Lawyers for the accused are firing back. SAG-PPHP co-counsel Robert Bush in September called Simmons’ charges “completely without merit,” adding, “Bruce Dow…continues to have the full and unqualified support of the trustees.” SAG’s senior legal counsel, Duncan Crabtree-Ireland, stated: “The statements attributed to me in the letter are completely inaccurate. Beyond that, this is a personal matter for the plans, and it would not be appropriate to comment further.” And Karimi’s attorney, Jeffrey Thomas, insists his client did not embezzle funds. “The allegations concerning Nader Karimi set forth in Mr. Simmons’ letters are denied,” wrote Thomas in a letter to The Wrap, an industry publication. “There are to my knowledge no criminal charges of any kind pending against Mr. Karimi and no civil suit pending against him by anyone.” The board of trustees, for its part, said Dow would continue to have its “full support.” It further noted, “Bruce Dow has a nearly 30-year unblemished record of running this organization.”
If the case proceeds, guild attorneys are also likely to point out that Simmons himself is not beyond reproach. The October 17 edition of the Los Angeles Times reported that Simmons, who is gay, transferred $25,000 in benefit funds to his domestic partner’s marketing company, Fortress Communications, as part of a campaign to mark the 50th anniversary of the plans. Invoices and e-mails obtain by Times reporters indicate Simmons personally instructed the SAG-PPHP accounting department to set up Fortress as a vendor. “In retrospect, maybe I should have stood up earlier and said this whole thing was wrong, but it was the culture of this organization,” he admitted in an interview. “We were encouraged to hire people we knew well.”
Yet despite Simmons’ shortcomings, the evidence of wrongdoing by Dow and other Screen Actors Guild bosses is too compelling to ignore. It’s compelling enough, at any rate, for certain among rank and file to seek answers. Last week, an ad hoc group of SAG members describing itself as “sick and tired of the corruption” hand-delivered a letter to the SAG Board of Trustees, including Mr. Crabtree-Ireland and SAG National Executive Director and chief negotiator David White. It is now a petition that has generated hundreds of signatures. The letter, dated December 11, 2011 and reprinted in the industry tip sheet, Deadline Hollywood, questions the sincerity of the recently-completed “independent” probe of SAG-PPHP. It notes that the investigator, attorney Nancy Solomon, is a friend of White and that the two previously had worked together at the Los Angeles blue chip law firm of O’Melveny & Myers. The letter of protest states:
Due to these close associations, we have serious concerns that Ms. Solomon’s objectivity and due diligence may have been compromised, resulting in the cherry-picking of certain people to interview while overlooking others who may not have been as supportive of Mr. Dow.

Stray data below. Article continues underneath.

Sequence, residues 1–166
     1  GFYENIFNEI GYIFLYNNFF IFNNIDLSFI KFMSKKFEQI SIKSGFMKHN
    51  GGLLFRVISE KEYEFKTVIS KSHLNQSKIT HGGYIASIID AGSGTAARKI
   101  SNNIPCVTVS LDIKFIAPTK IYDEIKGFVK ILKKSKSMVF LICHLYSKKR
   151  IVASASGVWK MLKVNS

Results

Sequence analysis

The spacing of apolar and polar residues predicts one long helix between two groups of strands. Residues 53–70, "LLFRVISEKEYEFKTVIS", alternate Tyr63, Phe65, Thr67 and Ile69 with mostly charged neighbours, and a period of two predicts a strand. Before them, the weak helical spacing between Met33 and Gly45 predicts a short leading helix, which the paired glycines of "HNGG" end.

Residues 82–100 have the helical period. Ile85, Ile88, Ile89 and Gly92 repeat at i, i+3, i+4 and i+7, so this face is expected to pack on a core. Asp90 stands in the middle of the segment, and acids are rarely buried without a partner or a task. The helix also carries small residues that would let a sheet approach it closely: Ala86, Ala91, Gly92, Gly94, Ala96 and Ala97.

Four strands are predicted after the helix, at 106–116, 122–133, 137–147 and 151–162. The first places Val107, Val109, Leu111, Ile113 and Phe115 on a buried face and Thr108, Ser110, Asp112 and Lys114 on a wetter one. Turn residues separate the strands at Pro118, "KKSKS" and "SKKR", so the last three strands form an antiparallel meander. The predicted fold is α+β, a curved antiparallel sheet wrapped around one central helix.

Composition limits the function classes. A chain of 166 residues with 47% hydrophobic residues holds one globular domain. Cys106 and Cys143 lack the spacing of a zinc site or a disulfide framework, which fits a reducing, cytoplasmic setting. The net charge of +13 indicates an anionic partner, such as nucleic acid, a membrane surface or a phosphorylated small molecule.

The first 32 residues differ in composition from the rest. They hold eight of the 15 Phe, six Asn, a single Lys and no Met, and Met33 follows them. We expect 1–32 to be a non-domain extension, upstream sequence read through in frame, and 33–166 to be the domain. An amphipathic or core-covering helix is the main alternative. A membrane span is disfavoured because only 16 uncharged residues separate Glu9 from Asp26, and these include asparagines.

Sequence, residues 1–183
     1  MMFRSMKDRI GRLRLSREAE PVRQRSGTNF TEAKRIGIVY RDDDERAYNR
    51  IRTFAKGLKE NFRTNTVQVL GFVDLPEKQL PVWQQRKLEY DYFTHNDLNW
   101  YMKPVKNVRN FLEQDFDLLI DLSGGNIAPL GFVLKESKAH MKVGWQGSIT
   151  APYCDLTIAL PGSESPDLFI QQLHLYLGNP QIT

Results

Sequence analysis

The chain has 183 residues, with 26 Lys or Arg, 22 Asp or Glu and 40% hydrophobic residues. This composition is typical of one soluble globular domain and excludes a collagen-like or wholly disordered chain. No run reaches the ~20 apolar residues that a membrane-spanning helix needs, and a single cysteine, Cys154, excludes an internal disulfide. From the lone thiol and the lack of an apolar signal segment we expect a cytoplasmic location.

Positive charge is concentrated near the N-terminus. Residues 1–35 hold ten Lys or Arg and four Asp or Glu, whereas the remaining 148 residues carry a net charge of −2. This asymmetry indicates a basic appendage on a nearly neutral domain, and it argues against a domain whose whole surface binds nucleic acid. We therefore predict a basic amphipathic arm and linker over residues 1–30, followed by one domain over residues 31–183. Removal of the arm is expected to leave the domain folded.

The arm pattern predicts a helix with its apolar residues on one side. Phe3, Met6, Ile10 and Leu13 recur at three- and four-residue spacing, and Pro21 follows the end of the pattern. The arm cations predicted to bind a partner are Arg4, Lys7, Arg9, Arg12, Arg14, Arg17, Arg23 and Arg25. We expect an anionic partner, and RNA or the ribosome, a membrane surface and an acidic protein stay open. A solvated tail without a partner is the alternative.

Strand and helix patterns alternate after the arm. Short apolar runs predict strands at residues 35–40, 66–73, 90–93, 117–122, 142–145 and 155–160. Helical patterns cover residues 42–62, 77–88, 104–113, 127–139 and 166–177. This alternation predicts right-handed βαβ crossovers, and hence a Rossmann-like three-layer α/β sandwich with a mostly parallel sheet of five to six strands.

Merely returning the money is not sufficient to right this wrong. At what threshold of wrongdoing is punitive action taken?
We strongly feel that someone who had no relationship whatsoever with any of the players involved in this case should have been hired to conduct this investigation.
The letter also accuses the Board of Trustees of being less than transparent about the nature of the $2.5 million insurance settlement to compensate for the kickback scheme engineered by Nader Karimi:
The insurance settlement implies that SOME millions of dollars were errantly spent. Did the 2.5 million dollar insurance settlement approved by the courts restore to the Plan half of 5 million dollars or one quarter of 10 million dollars? The LA Times reported that Mr. Karimi left his post in 2009 and reached a settlement with the Plans for “an undisclosed amount.” Why are we…just hearing about this now? Any by the way, does “settlement” mean that we paid him or that he paid us?
And why is that we are learning about it only because further allegations of mismanagement are being leveled against the fund?
The letter, finally, takes the plans’ Board of Trustees to task:
Your fiduciary responsibility is to protect this fund which, after all, is the members’ money. We feel you have not properly addressed these wrongs nor have you been forthright in communicating with us…
Why was this not reported to the members? Why are we actors, the owners of the fund, forced to come to you to find out what is going on with our money?
The U.S. Department of Labor may be conducting its own investigation – as is standard procedure, DOL officials won’t confirm one way or another. It likely will be months before any civil or criminal charges are brought forth. The Screen Actors Guild is hoping to resolve this issue soon, especially given its pending merger with the American Federation of Television and Radio Artists (AFTRA), many of whose members already belong to SAG as well. The guild’s benefit plans are legally separate from the guild, but the latter does appoint half of all plan trustees. The last thing SAG President Ken Howard (“The White Shadow”) and other advocates of the merger want is this scandal hanging over their heads.